I have been neglecting this blog, that needs to change. Starting now, I want to publish more often, to keep reporting on where art is taking me.
Last summer when I was flying over the midwest, I was looking down on the landscape and thinking about all the art I had seen based on the patchwork like intersection of fields and roads. But I couldn't remember seeing much that included the creeks and rivers flowing through, adding curves to the straight lines. I came up with this abstracted sketch:
I wasn't sure this was the right configuration of straight and curved lines, so I doodled in my journal:
Next came the fun part, playing with fabric. My first attempt involved a naturally dyed piece of linen, all squares the same, with the creek line depicted strictly with lines of black thread stitching.
OK, but not quite what I was looking for. The next try I painted heavy canvas, leaving white spaces to denote the field edges, and a piece of blue ribbon stitched on for the creek.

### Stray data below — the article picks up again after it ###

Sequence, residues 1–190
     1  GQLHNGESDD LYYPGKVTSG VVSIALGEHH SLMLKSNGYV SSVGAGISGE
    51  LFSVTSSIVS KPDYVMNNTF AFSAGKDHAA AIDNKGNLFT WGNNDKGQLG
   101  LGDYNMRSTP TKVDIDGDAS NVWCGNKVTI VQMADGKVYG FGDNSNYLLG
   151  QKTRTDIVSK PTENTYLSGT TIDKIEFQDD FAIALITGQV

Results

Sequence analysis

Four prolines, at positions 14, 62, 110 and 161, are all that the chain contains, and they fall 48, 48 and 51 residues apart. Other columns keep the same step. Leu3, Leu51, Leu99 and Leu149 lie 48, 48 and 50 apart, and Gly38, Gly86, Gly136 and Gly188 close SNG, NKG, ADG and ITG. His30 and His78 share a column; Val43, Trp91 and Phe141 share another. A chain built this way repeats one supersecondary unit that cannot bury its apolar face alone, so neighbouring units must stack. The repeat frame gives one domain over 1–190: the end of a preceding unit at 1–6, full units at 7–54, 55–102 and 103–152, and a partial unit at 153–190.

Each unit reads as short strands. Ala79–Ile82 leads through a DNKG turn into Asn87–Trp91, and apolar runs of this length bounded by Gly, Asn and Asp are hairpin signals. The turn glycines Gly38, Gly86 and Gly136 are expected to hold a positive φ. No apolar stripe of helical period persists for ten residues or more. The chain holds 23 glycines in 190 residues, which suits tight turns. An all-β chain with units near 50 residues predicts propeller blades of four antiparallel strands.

This is actually my favorite. It's painterly, fairly abstract, nicely colored. But I kept going.
This began with a piece of hand dyed raw silk. I used decorative stitching to mark the field edge, a different stitch and varigated thread to do the creak. The piece is quilted to a piece of felt. Then I stenciled on the shadow of my plane crossing the landscape. Probably a mistake. I think it destroys the abstract illusion--maybe it's better to let the viewer interpret something on their own without shoving it in their face?
But, since I follow the Doritos principle of fabric (use it, they'll make more), I tried one more time. This piece has the feel of reverse applique, in actuality it's a black background with earth colored silk sewn on top. It does make the creek sink into a lower level, where it should be. The plow lines are mimicked by stitching. It's probably my second favorite.
So what have I learned from this series? I worked through an idea, explored it, got it out of my system. Ended up with some pieces I regard as sketches. But I stretched some, applied techniques I've picked up along the way. Had fun. That's an important part of being an artist, isn't it?